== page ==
You may think you know yourself like the back of your hand, but unless you’ve been DNA tested, there’s probably a lot you don’t know about yourself. Within each of the 50 trillion cells in your body rests the microscopic DNA that programs your entire being; your hair color, your height, your freckles or lack thereof, your likelihood of developing cancer and whether or not you can taste cilantro. Nevertheless, few people in their lifetime have actually unlocked this information via DNA mapping. For starters, it used to be quite expensive. Some might not even realize they have access to this information, while others simply might want to know what their DNA has in store for them as life unfolds.

Crushing these barriers is Anne Wojcicki’s 23andMe, a $99 DNA testing kit that requires just a few milliliters of spit. That’s it, no blood tests or pesky skin pricks. Eight weeks after mailing the kit back, you’ll receive a full genetic report that outlines your health risks and ancestry. During those two months, the scientists in 23andMe’s lab extract DNA from the cells in your spit and amplify the DNA so they have enough to work with. From there, the DNA is genotyped, yielding your unique report of what makes you, you. To get the full picture of their ancestry, though, women need to have their father or brother take the test; while everyone has mitochondrial DNA, paternal DNA is passed along through the Y chromosome, which women don’t have.

Thus far, more than 200,000 users have been genotyped via 23andMe, and 90% of those have opted to participate in the company’s research efforts. Each survey question counts as a data point, and to date, 23andMe has collected more than 100 million data points, with 2 million more coming each week. The company’s in-house research has studied life-threatening sarcomas, Parkinson’s disease and diabetes, as well as lighter topics; unibrows and why Shar-Pei dogs are so wrinkly.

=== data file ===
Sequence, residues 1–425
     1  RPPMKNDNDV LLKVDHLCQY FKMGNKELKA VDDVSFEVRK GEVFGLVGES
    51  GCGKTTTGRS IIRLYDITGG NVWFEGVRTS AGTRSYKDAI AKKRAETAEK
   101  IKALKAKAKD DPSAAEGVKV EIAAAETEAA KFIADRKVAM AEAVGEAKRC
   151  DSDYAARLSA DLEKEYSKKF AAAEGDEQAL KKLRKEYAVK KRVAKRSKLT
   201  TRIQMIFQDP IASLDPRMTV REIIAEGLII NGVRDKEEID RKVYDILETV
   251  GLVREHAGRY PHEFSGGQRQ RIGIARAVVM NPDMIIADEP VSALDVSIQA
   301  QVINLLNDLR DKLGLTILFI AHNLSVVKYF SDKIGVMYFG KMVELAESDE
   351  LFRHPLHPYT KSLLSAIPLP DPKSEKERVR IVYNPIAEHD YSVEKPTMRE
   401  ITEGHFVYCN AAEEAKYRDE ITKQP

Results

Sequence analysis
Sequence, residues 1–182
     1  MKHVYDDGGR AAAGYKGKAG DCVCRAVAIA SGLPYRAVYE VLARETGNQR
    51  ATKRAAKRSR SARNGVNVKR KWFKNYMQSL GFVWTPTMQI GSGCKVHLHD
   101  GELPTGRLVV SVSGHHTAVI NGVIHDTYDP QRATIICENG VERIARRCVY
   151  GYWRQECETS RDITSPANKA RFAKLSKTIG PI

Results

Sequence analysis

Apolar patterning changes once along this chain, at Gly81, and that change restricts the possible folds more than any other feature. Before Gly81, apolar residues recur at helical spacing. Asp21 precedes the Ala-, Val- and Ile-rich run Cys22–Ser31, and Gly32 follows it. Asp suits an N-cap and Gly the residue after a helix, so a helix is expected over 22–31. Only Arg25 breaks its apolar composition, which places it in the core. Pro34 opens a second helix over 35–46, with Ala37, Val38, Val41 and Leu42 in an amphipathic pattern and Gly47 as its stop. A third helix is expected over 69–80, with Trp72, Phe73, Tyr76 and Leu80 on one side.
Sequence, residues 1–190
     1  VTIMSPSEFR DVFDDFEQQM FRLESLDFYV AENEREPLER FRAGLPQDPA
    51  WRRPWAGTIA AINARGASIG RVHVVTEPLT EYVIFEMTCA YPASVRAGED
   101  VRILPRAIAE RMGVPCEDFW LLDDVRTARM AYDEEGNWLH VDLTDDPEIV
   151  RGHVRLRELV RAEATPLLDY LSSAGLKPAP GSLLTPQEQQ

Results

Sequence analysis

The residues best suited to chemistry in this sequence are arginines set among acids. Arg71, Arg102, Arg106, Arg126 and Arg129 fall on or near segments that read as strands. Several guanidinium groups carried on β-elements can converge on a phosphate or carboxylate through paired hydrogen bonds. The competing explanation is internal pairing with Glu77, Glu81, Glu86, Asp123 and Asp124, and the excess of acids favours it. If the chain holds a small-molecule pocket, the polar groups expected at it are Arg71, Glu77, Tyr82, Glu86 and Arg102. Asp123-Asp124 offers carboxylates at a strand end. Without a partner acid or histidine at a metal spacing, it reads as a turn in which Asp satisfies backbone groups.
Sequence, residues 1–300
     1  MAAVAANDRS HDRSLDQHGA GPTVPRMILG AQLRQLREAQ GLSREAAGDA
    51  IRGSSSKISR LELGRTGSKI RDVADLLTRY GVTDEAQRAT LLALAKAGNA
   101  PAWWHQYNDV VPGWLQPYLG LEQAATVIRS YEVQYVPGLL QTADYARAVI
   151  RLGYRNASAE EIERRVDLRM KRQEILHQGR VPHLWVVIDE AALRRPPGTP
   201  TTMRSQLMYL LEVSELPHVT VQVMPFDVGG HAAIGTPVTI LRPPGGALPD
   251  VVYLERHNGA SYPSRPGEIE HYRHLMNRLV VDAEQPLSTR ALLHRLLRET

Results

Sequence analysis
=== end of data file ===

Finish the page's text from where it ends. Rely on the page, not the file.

With an eye toward revolutionizing health care, the company raised 50 million dollars last year to drop the price of the kits from $999 to $99 and dramatically grow its database. In her blog post about the price drop, Wojcicki writes, "This change is not just about a new price point for personal genetic testing. It is about an ambitious plan that could transform medicine for generations to come."

Would you do the test, if it revealed that you have an increased risk for Parkinson’s disease or lung cancer? People have strong opinions either way, but knowledge is power. It is very holistic to empower people with their genetic information. You, the individual, don’t have a voice in the system. You’re talked about as a human subject, with no agency in the health care system. You’re simply told what you’re going to get, and it’s often dictated by your insurance company.

The industry is filled with really, really good people who want to make a difference in health care, but the system is set up in such a way that we really don’t have optimal health care. Take Type 2 Diabetes, for example. It’s a preventable disease, but no one makes money until you actually develop diabetes and need to buy insulin and testing strips. The system is set up so they make tons of money once you’re diabetic, but if you don’t develop diabetes, no one makes money. This is a fundamental flaw in the system.

Because your genotype outlines your risks for developing various diseases and disorders, health care could one day focus on prevention. Patients would rather prevent a disease than treat it effectively, but in today’s system, doctors are taught how to treat various conditions, not prevent them altogether. Public should be empowered with their genetic information. It is really important information about your health, really fascinating information about your ancestry, and the aggregate data of having millions and millions of people together will create this incredibly powerful database that’s going to filter back to you and give you more information about you and make you healthier.